Ascertaining that there will be a continuity in good US-India linkages beyond selves or governments, US President-elect Joe Biden and India’s Prime Minister Narendra Modi spoke over the phone on Tuesday and vowed to bolster and enlarge ties between the two countries.
The call between the two administrators, who have known each other for many years, set to test the hypothesis that New Delhi had joined together itself too closely with outgoing President Donald Trump. Indian officials pointed out that as vice-president, Biden hosted an official lunch for Modi and presided over his address to the joint session of Congress during the Indian prime minister’s visits in 2014 and 2016, implying they anticipated no hiccups in immersing with the new administration.
Spoke to US President-elect @JoeBiden on phone to congratulate him. We reiterated our firm commitment to the Indo-US strategic partnership and discussed our shared priorities and concerns – Covid-19 pandemic, climate change, and cooperation in the Indo-Pacific Region.
— Narendra Modi (@narendramodi) November 17, 2020
The exchanges also implicitly entrenched New Delhi’s commendation, first communicated in a congratulatory tweet from Modi, that Biden is the victor in an election result still being debated by Trump.
“The president-elect thanked the prime minister for his congratulations and expressed his desire to strengthen and expand the US-India strategic partnership alongside the first vice president of South Asian descent,” the Biden transition team let out in a read-out of the call, disclosing Biden asking for Kamala Harris in the context of improving ties.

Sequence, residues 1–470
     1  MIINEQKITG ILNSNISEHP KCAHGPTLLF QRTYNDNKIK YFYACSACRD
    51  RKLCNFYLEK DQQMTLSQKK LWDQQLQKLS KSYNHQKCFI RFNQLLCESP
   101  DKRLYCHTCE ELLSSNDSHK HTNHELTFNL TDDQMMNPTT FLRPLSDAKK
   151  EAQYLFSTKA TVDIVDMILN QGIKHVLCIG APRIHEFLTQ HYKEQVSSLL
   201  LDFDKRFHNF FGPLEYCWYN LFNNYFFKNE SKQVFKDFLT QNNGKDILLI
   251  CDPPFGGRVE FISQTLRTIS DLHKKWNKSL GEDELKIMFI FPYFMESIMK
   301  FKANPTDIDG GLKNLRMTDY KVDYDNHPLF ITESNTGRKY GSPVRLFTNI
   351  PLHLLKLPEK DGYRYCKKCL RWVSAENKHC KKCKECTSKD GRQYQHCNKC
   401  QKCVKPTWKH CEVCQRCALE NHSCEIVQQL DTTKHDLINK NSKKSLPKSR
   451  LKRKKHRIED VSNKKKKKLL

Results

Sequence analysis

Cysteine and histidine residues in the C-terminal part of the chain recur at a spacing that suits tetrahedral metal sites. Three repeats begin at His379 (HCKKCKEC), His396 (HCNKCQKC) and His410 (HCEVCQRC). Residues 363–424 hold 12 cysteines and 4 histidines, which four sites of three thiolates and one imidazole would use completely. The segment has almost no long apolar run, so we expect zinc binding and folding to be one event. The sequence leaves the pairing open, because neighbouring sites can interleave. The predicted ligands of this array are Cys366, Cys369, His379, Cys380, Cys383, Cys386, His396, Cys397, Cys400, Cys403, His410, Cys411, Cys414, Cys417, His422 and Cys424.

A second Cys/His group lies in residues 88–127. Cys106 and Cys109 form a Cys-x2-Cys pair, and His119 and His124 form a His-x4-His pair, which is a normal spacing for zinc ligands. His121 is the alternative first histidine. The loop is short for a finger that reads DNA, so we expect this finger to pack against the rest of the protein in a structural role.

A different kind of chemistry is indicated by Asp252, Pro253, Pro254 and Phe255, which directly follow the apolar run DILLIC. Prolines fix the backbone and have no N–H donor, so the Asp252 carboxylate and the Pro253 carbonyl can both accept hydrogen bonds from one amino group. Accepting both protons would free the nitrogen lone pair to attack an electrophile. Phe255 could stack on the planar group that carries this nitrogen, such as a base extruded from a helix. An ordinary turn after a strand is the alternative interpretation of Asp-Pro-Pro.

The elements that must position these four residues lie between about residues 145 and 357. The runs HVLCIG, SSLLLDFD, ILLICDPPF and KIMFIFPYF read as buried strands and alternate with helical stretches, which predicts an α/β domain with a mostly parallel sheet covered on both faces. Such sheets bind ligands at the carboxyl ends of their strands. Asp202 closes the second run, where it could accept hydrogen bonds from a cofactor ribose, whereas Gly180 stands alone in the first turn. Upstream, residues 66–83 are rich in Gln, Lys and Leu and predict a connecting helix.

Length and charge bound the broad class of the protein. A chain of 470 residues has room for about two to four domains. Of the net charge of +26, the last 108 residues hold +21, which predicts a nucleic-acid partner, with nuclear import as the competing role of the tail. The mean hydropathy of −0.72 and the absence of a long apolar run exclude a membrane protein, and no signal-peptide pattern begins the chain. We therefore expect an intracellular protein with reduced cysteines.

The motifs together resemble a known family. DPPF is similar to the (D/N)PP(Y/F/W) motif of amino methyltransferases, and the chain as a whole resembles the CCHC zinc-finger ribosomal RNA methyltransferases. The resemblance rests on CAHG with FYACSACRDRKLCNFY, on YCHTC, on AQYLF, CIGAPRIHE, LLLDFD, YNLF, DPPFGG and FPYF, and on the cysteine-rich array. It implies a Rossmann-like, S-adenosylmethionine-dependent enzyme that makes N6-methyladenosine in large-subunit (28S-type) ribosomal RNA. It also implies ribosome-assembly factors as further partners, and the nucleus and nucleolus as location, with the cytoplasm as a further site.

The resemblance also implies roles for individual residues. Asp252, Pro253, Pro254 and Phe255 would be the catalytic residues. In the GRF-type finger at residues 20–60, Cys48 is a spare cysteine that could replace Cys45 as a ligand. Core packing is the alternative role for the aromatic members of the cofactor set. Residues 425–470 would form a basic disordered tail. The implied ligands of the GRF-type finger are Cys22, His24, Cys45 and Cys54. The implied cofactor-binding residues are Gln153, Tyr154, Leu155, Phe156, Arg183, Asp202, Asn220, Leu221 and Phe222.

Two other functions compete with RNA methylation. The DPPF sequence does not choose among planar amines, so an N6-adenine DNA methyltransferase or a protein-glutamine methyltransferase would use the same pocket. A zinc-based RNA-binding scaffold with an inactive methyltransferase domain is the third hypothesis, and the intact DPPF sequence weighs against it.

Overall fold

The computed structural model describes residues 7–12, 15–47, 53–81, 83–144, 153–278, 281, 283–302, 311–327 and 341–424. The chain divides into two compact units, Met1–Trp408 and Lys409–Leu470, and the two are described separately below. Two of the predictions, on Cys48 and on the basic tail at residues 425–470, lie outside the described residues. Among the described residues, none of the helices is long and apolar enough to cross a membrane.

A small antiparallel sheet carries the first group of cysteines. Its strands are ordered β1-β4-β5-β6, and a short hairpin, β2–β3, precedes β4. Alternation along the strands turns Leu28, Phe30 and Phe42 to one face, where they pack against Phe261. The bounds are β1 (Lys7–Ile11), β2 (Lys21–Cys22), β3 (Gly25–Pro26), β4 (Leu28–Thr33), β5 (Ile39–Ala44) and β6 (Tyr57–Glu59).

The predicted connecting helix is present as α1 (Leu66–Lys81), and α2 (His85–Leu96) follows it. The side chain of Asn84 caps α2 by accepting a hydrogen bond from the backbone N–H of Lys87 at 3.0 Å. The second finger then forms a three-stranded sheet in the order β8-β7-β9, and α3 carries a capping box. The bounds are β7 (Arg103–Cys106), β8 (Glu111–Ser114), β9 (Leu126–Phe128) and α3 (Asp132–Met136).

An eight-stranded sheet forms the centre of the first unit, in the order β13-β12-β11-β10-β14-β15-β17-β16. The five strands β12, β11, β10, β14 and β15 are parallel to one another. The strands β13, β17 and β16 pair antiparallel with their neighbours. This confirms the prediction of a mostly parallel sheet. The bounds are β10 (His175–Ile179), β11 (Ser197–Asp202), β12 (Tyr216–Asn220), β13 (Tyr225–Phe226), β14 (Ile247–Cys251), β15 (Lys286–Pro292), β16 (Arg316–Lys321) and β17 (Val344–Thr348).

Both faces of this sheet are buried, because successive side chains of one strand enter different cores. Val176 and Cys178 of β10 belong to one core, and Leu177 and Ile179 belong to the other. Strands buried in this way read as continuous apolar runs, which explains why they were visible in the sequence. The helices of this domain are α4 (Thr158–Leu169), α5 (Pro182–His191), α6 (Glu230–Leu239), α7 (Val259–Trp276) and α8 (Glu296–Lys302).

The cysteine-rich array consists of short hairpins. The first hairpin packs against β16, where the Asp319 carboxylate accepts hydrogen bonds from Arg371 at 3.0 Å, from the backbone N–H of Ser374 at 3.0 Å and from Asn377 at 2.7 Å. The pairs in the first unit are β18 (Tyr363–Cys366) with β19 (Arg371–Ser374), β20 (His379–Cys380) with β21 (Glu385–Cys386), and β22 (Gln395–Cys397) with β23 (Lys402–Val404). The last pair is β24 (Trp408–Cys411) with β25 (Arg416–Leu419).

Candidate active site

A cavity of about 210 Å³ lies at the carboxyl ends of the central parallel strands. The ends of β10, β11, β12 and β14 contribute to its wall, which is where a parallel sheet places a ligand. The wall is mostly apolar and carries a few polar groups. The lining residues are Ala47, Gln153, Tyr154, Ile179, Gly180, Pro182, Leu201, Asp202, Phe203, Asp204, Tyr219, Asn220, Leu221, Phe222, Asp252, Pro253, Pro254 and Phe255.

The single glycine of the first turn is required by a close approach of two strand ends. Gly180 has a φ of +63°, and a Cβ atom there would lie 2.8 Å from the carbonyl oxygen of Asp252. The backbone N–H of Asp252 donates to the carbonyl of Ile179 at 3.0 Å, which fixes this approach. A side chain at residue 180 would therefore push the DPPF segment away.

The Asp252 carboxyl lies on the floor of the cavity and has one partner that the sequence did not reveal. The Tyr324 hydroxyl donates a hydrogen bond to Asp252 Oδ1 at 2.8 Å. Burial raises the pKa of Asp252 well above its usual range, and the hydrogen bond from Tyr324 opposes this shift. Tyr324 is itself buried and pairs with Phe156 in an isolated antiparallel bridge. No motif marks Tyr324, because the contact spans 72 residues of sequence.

Modi too pertained to Kamala Harris, according to a declaration from India’s foreign ministry, giving his “best wishes to the daughter of an Indian immigrant whose election to the second-highest public office in the United States has been cheered in India.”
Although Harris is not anticipated to fiddle a crucial role in foreign associations, there has been some unrest in hyper-nationalist haloes in India that she will acquire a hard line on civil liberties and human rights provided her compunctions on the Citizenship Amendment Act and revocation of Article 370. “We have to remind Kashmiris that they are not alone in the world. We are keeping track of the situation,” Harris had asserted on one conference, irking Indians susceptible to criticism on the affair.
But expressing authenticity and necessity that will put other matters on the tip, the Biden statement said the president-elect “looks forward to working closely with the prime minister on shared global challenges, including containing Covid-19 and defending against future health crises, tackling the threat of climate change, launching the global economic recovery, strengthening democracy at home and abroad, and maintaining a secure and prosperous Indo-Pacific region.”
Some analysts parsed the proclamation to accentuate Biden’s reference to enhancing democracy. In contrast, others commented that any unspoken criticism on this tally now pertains as much to the US pursuing a run-down election that is assessing its institutional poundage. Some reviewers also saw a likely dilution in the incoming administration’s obligation to India vis-a-vis China.
“India’s importance in US strategy appears set to erode. He has signaled the likely demise of the ‘free and open Indo-Pacific’ (FOIP) strategy and a resumption of cooperation with China in areas where interests converge,” noted Brahma Chellaney, adding in an independent exposition that “flip-flops are to Biden what egomania is to Trump.”